The release of initial data from the 2020 U.S. Census last week made one thing starkly clear for Wyoming: It’s a regional outlier. The Cowboy State has one of the lowest population growth rates in the country while it’s surrounded by several of the fastest-growing states, including Utah, Idaho and Colorado. But does Wyoming even want to grow?
Marian Orr, the former mayor of Cheyenne, weighed in on Twitter about Wyoming’s low 2.3% growth rate, which ranks 44th in the country, when the first batch of new Census data came out.
Lots of convos re our low growth rate. I learned first-hand as mayor of the largest city in the state – we can’t afford to grow. The avg family of 3 pays $3k/yr in taxes for $30k/yr in gov services from police, fire, schools, roads, etc. And that anti-growth scale is by design. https://t.co/RD8S3TCfIa
— Marian Smith Orr (@gofishwyo) April 27, 2021
“Well, I’ve always said that, to be very frank, I think the state could get out of its own way,” Orr told KHOL in a follow-up interview. “We’ve put some real fences up around attracting certain businesses.”
Orr said she would have loved to bring a casino to Cheyenne during her tenure, but that’s an industry currently restricted to the Wind River Indian Reservation in Wyoming. She also said the state interferes with local control by restricting things like the number of restaurants and liquor licenses available. And then there are constitutional limits on incentives that Wyoming can offer to businesses interested in relocating to the state.
“Our forefathers really, I think, wanted to make sure that, you know, we weren’t, I wouldn’t say overpopulating, but that we were being very cautious with growth,” she said.
Another “elephant in the room” that Orr said is generating revenue in nearby states like Colorado is legalized marijuana, which the Wyoming House of Representatives declined to even debate in March.
“It makes you wonder kind of, ‘Okay, well, then what—what are we going to do?’” she said.
Orr served as a Republican mayor, but Democratic State Representative Mike Yin of Jackson feels similarly about how the state is impeding growth.
“If the policies end up reflecting the idea that Wyoming doesn’t want more people in it, then it means that we don’t want more of anything else in it either,” he said.
Both Yin and Orr also stressed that Wyoming’s slow growth is directly tied to its overreliance on the steadily declining fossil fuel industry.
“We don’t have any other policies to make sure that we can sustain services in the state or facilities or infrastructure in the state long-term,” Yin said. “So, if we can’t build new infrastructure to encourage growth, then essentially we’re saying we’re discouraging growth.”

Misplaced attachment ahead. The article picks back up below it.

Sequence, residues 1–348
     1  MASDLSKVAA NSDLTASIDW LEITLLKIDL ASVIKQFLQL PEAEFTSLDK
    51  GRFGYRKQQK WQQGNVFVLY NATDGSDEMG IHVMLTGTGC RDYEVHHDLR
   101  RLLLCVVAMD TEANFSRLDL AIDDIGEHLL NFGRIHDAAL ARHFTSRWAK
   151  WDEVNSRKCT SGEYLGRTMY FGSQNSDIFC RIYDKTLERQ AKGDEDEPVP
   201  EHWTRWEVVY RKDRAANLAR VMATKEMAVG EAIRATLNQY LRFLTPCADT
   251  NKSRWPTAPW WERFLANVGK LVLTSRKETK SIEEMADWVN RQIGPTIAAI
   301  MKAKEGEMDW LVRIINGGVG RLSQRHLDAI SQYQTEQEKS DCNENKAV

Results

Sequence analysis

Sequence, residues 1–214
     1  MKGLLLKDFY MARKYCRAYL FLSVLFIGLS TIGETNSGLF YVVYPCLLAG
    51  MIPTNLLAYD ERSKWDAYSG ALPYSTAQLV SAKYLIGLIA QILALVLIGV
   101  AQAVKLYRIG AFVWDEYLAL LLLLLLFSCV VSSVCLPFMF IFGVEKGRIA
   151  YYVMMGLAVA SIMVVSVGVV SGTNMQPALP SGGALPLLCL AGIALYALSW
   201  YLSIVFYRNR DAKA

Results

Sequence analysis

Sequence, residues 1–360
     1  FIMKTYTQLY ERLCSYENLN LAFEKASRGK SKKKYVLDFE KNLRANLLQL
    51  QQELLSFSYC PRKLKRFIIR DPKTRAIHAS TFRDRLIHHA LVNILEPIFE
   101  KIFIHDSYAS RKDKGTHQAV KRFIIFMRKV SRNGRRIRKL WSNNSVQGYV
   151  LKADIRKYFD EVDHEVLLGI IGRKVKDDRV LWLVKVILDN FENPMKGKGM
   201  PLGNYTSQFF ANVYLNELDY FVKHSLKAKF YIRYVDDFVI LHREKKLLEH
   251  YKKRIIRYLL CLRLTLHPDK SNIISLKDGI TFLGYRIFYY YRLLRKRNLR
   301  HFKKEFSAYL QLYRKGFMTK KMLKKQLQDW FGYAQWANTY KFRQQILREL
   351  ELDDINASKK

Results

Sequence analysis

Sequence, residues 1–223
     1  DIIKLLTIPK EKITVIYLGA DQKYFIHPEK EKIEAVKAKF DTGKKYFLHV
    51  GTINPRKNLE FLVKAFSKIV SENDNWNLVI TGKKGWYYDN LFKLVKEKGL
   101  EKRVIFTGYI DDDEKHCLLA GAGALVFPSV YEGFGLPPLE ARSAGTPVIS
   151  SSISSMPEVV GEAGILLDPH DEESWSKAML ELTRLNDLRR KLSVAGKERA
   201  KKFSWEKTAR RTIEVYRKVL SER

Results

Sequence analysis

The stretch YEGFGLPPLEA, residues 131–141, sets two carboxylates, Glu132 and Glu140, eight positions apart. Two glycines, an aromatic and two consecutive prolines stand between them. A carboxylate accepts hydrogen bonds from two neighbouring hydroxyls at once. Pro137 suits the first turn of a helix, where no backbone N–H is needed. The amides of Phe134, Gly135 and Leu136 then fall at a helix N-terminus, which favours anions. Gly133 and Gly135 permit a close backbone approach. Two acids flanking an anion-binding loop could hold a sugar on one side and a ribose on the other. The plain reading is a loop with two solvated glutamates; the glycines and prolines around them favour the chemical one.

“If I had a nickel for every time that I heard over my past 30 years in government affairs, you know, about Wyoming’s need to diversify the economy, I’d be a rich woman,” Orr said.
Yin said the core question is: “What does Wyoming really want?” And if the answer is fewer people to share the wide-open spaces with, that comes with consequences.
“It means that you’re not going to have as many opportunities in Wyoming,” he said. “If you grow up here, it means it’s going to be harder to stay here because we have anti-growth policies, right? So, it’ll be easier for you to find some sort of job or work someplace else, especially if you’re interested in starting a family.”
Yin also said it’s clear that other states in the Mountain West are doing better than Wyoming at providing those opportunities while capitalizing on their access to the great outdoors. Utah led the nation between 2010 and 2020 with a population growth rate of 18.4%, and Idaho came in second at 17.3%. Both figures far outstrip the national growth rate of 7.4%.
Will Frohlich, the mayor of Victor, Idaho, said that didn’t surprise him.
“I think Idaho is appealing for a lot of reasons, you know, the connected [sic] to nature, the beauty that it has. Teton Valley, Idaho, and the people that come through here, they’re blown away,” Frohlich said. “You get a lot of really creative people to move here. Our restaurants are amazing. Our small businesses, our entrepreneurship is all there. You have all these really interesting, talented people trying to figure out their way.”
But with rapid growth also comes challenges. Victor, like Jackson, is facing such an intense housing crisis that Frohlich said even the City is having trouble hiring new employees. The mayor also said he worries about how to preserve Victor’s small-town vibe that helps attract people there in the first place.
“’Do you want Victor to grow?’ is a very, uh, tricky question. You know, when I moved here, we didn’t have a stoplight. We didn’t have a lot of the stuff we have now,” Frohlich said. “I don’t think the question is, ‘Do you want Victor to grow? It’s ‘How do you want it to grow?’ Growth is inevitable at this point.”
Yet another tricky subject for the whole “Wydaho” region is the influx of remote workers during the pandemic. Both Frohlich and Yin said they’re not necessarily opposed to that kind of growth, but that they want to make sure the newcomers become part of the community and don’t just exploit it.
Yin also said the more detailed state-level Census data will provide a better picture of what’s happening here locally. That information is expected to be published by mid-August, according to the U.S. Census Bureau.